maybe the police in Oregon actually enforce the law of stopping before the cross walk? I actually had a driver the other day go around me when I was stopped before the cross walk (one with the additional white line a bit further back from the actual cross walk). So, around me he went, right in front of me to stop at the red light: not only was he blocking the entire cross walk, but he was also partially blocking the cross traffic’s lane. Then a cop pulled up next to me (well, into the cross walk, actually), looked at the other car, shook his head and did nothing.

        When I cycle, and cars are blocking my right of way (typically where a trail crosses a street), I tend to stop and look at them until they back up: this is especially true when they are blocking the cutout at the curb.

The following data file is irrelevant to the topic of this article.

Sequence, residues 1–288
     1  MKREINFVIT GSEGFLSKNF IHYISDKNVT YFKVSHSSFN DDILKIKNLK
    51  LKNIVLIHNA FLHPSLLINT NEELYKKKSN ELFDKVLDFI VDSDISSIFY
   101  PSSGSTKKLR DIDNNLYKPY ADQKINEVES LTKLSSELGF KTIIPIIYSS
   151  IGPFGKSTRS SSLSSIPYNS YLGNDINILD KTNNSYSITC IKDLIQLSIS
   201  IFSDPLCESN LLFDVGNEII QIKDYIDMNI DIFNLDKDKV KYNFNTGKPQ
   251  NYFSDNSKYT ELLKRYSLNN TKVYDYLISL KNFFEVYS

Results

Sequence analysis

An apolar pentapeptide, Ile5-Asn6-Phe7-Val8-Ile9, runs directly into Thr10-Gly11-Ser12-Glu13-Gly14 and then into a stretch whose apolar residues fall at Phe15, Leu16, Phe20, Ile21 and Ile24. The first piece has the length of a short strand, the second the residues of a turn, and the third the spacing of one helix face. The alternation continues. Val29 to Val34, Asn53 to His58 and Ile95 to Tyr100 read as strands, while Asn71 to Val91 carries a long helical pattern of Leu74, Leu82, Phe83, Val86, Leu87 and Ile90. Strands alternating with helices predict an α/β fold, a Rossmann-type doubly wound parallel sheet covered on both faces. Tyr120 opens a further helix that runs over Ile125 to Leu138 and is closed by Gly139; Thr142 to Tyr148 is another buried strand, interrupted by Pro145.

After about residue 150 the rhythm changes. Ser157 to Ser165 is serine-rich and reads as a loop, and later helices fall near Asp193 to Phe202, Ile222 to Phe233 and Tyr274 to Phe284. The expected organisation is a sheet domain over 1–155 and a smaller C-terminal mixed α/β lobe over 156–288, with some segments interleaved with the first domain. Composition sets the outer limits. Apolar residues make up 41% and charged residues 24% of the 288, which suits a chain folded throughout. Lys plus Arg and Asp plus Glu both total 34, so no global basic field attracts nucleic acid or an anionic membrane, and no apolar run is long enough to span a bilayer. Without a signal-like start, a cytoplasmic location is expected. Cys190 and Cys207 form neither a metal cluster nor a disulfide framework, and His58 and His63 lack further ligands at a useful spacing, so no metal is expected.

2. Eric SaathoffEric S

      I’ll show pictures in an article soon, but I recently observed drivers not stopping for pedestrians wanting to cross at Greenbrier and Maryland. The only car who stopped was a police officer. I wondered – will he/she pursue one of the law breakers? No, the police officer was too busy following the law and making the crosswalk safe for the pedestrian in the moment.

  14. Melanie Peterson

    Thanks for the thoughtful article and advice. During the last 20 years, my daughter, husband and I have all been hit by turning cars while we had the right of way on our bikes (two cars turning right on red and one car turning right into a parking ramp, all in St. Paul/Minneapolis). We are all incredibly defensive bikers, trying to anticipate when a car might hit us, but we still got hit. Please, drivers, watch for us!

  15. Stu

    I echo the fact that people really do need change their behavior to actually look for peds and cyclists. Its not hard; it just takes a moment and it could save someone’s life.